The Brady Bunch: Marcia and her rival both want to be the prom queen.
The Bradys: Bobby gets paralyzed.
Married…With Children: Al doesn’t buy his family Christmas presents.
Thirtysomething: Nancy gets cancer.
The Flintstones: Fred and Barney are staying out too late.

Typical Solution
The Brady Bunch: The prom committee decides to have two queens.
The Bradys: Bobby gets married.
Married…With Children: They hate him.
Thirtysomething: If only we knew…
The Flintstones: Wilma and Betty decide to follow them.

House Style
The Brady Bunch: Conservative but mod, circa ’69
The Bradys: Conservative but mod, circa ’90
Married…With Children: Roach motel
Thirtysomething: Enviable
The Flintstones: Suburban cave

Clothing Style
The Brady Bunch: Early Osmonds
The Bradys: Made in the USA
Married…With Children: Flammable fabrics
Thirtysomething: Eclectic earth tones; nice ties
The Flintstones: One-piece

Most Annoying Character
The Brady Bunch: Alice’s cousin Emma, the substitute housekeeper (too strict)
The Bradys: Marcia’s husband, Wally (chronically unemployable)
Married…With Children: Steve (supercilious)
Thirtysomething: Ellyn (goes through Hope’s drawers, babbles, changes hairstyle every other week, generally mistreats her friends)
The Flintstones: Mr. Slate (bossy)

Attitude Toward Sex
The Brady Bunch: Never heard of it
The Bradys: Omigod — even Cindy does it!
Married…With Children: Peg: Yes. Al: No.
Thirtysomething: They didn’t get all those kids by accident.
The Flintstones: Prehistoric

How Spouses Fight
The Brady Bunch: They don’t.
The Bradys: Infrequently, but it happens
Married…With Children: Tooth and nail
Thirtysomething: They stop talking
The Flintstones: Fred and Barney go bowling while Wilma and Betty max out their charge cards.

How Kids Get Into Trouble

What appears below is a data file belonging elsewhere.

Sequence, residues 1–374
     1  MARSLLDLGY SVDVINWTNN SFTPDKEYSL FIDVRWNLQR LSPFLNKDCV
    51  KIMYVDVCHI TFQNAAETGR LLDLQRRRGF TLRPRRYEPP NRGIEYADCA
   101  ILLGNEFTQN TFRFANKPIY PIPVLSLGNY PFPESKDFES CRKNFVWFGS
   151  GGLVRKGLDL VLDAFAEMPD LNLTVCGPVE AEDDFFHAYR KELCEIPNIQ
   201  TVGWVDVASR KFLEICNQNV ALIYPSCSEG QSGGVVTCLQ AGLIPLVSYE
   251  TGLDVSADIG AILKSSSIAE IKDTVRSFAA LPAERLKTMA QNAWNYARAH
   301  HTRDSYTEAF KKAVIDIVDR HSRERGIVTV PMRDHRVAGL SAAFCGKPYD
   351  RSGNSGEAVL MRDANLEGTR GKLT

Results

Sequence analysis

The Brady Bunch: Greg takes a puff of a cigarette.
The Bradys: Carol’s grandson steals her business cards and sticks them in the spokes of Bobby’s wheelchair.
Married…With Children: By committing felonies
Thirtysomething: Ethan plays with a forbidden toy rocket.
The Flintstones: They don’t.

How They’re Punished

The Brady Bunch: ”It’s not what you did, honey — it’s that you couldn’t come to us.”
The Bradys ”Next time, ask.”
Married…With Children: By the authorities
Thirtysomething: It blows up in his face.
The Flintstones: They’re not.

What Family Does For Fun
The Brady Bunch: Takes special three-part vacations to Hawaii and the Grand Canyon
The Bradys: Has flashbacks
Married…With Children: Exchanges insults
Thirtysomething: Talks
The Flintstones: Attends showings of The Monster at the Bedrock Drive-In

Unsolved Mysteries
The Brady Bunch: How exactly did Carol’s first husband and Mike’s first wife die?
The Bradys: What’s with Marcia’s new face and Bobby’s blonde hair
Married…With Children: What kind of hair spray does Peg use?
Thirtysomething: Why did Nancy take Elliot back? What do Gary and Susanna see in each other?
The Flintstones: How does Barney’s shirt stay on if he has no shoulders? Where do Fred and Wilma plug in their TV?

Worst Behavior
The Brady Bunch: The Brady children once made Alice feel under-appreciated.

The Bradys: Marcia’s son Mickey watches Bobby’s car-crash tape for fun.
Married…With Children: The Bundy’s kill their neighbor’s dog.
Thirtysomething: Elliot has an affair and talks about it.
The Flintstones: Characters don’t wear under-clothes.

Best Reason To Watch
The Brady Bunch: This is what life should be.
The Bradys: They’re all grown-ups now!
Married…With Children: Terry Rakolta hates it.
Thirtysomething (Tie) This is your life. This isn’t your life.
The Flintstones: This is what life might have been.

Best Reason Not To Watch
The Brady Bunch: Blurred vision from rerun overdoses.
The Bradys: You’re all grown-ups now.
Married…With Children: She has a point.
Thirtysomething: After a while, you think it’s real.
The Flintstones: The Simpsons